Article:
…also the song “The French Mistake” is all about butt sex. As if Supernatural couldn’t get any gayer.
And then…there was Lily. Lily, Lily, Lily, legs, Lily. Lily von Shtupp was originally based on Marlene Dietrich. You know…that famously feminine and heterosexual actress. It’s fitting then that we see Lily dressed in a snappy pinstripe suit toward the end of the film. She is the archetypal false ingenue. She’s bawdy, she’s worldly wise, and she is anything but innocent. In fact, Lily’s song in the saloon is about how she’s fed up with sex and romance. Nevertheless, when she seduces Bart, she ends up falling for him. We get the sense that it’s not just because he’s good in the sack (in an outtake, after Lily asks whether or not the stereotype that black men have larger penises is true and then excitedly screams that is, Bart tells her politely that she is actually sucking on his arm), but because he is kind, considerate, and worldly wise himself. Bart knows German almost as well as she does, and he brings her a flower she actually likes. We later see Lily in the big brawl, subduing the Nazi recruits with a song in German. Lily never actually loses any of her femininity–I would argue that she becomes more feminine over the course of the movie after meeting Bart. It’s telling that upon meeting him, she changes from black lingerie to pink. And through this transformation, she actually becomes a stronger character, rather than a passive, disillusioned sex object. Now that she’s on Bart’s side, she has a cause to believe in.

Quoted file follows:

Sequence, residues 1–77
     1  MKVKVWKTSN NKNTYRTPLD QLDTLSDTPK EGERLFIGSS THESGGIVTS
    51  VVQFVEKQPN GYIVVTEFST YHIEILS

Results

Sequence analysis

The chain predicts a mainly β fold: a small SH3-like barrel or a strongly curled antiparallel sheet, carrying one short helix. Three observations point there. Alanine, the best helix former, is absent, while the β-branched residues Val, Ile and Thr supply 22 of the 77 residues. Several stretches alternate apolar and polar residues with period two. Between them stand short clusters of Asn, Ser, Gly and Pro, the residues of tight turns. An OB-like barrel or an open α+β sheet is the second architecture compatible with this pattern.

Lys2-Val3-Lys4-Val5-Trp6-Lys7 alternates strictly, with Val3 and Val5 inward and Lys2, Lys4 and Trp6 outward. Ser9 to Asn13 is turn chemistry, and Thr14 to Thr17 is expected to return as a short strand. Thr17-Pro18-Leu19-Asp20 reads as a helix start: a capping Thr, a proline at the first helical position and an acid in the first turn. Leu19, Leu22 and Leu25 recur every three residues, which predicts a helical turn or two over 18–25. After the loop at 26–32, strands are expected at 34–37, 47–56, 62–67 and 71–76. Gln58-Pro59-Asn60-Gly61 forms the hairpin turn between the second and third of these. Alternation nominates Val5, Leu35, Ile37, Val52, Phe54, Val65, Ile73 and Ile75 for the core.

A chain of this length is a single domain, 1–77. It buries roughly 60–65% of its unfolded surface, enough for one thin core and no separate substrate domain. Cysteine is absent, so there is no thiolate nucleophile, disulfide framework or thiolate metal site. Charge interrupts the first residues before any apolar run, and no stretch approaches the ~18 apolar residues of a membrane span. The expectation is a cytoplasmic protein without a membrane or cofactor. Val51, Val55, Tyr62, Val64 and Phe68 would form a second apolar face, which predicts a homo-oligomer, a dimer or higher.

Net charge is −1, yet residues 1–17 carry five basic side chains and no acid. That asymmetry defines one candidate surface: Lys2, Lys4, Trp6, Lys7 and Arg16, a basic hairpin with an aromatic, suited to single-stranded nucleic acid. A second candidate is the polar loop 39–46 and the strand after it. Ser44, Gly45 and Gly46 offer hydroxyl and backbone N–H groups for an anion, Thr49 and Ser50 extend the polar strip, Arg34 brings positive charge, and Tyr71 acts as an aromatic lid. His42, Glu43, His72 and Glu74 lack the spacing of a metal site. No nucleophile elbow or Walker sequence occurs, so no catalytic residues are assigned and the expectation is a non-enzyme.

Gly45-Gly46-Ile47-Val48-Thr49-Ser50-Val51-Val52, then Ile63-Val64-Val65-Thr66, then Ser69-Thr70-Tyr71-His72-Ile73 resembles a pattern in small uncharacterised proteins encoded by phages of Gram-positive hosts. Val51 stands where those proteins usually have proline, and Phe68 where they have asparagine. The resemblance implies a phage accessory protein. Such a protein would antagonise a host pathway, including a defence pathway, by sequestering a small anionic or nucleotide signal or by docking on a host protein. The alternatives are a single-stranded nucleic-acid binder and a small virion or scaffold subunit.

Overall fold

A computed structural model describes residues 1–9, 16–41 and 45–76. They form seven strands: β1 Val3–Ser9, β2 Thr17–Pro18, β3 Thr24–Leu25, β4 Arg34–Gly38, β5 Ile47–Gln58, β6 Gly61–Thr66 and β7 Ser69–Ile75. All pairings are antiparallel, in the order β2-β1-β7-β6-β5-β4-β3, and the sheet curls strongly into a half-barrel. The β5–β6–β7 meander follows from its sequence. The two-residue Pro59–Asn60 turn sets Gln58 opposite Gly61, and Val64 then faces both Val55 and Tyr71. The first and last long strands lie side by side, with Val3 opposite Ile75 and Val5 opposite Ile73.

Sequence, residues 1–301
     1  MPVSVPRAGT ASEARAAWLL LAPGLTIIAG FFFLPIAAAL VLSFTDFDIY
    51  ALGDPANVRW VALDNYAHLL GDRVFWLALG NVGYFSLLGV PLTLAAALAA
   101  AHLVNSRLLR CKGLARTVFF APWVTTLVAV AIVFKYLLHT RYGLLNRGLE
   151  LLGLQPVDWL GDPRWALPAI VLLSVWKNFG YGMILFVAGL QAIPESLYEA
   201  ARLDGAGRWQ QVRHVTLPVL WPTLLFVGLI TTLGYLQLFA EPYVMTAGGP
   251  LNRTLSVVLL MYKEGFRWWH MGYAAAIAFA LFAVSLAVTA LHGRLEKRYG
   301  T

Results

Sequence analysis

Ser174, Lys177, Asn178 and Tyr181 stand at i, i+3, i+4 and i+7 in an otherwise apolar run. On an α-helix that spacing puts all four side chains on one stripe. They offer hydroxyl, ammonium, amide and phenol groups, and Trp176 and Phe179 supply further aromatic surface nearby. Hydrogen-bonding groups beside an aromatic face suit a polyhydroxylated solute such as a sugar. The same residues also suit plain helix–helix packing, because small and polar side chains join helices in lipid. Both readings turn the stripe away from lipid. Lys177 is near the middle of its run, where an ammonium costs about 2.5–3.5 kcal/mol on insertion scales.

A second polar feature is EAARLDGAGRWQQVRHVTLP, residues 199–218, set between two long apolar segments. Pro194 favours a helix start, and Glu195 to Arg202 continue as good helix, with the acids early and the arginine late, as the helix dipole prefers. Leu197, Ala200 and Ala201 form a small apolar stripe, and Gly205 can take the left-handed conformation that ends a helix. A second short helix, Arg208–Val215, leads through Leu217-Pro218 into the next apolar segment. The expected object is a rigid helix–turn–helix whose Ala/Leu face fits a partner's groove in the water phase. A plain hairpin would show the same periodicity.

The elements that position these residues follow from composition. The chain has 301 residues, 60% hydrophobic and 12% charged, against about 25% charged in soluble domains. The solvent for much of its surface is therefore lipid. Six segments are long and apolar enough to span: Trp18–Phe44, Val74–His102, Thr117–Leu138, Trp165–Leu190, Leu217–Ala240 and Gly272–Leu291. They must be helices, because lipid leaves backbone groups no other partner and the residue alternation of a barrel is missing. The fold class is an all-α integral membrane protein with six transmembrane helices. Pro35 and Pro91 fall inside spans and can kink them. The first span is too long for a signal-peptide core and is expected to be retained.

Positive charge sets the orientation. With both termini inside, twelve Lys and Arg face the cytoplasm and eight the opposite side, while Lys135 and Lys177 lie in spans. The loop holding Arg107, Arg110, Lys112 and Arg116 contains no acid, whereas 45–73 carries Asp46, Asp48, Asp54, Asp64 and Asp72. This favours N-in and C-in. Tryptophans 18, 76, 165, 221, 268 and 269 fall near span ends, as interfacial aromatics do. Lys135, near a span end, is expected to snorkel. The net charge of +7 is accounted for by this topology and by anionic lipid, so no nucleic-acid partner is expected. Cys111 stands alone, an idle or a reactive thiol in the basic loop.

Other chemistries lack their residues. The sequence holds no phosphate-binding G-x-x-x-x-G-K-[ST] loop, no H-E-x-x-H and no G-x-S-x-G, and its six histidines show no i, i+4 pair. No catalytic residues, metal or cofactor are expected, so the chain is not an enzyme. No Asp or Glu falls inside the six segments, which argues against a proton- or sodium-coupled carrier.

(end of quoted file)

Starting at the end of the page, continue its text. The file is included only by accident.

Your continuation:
So what does this all have to say about gender and sexuality? I don’t know that Mel Brooks had it in his mind to say anything about it, per se. It could just be me reading a little too deeply into a satirical Western comedy. But I think it’s fitting that John Wayne turned down the chance to be in this film–there’s no room for a symbol for old world toxic masculinity like him in a movie like Blazing Saddles. The fact is, you don’t have to be a certain kind of man or woman. There are different valid ways to define your masculinity or femininity, as long as you’re defining them by your own rules, and not the ones made up by society. And as we all know, challenging societal norms is what Mel Brooks does best. ~TRL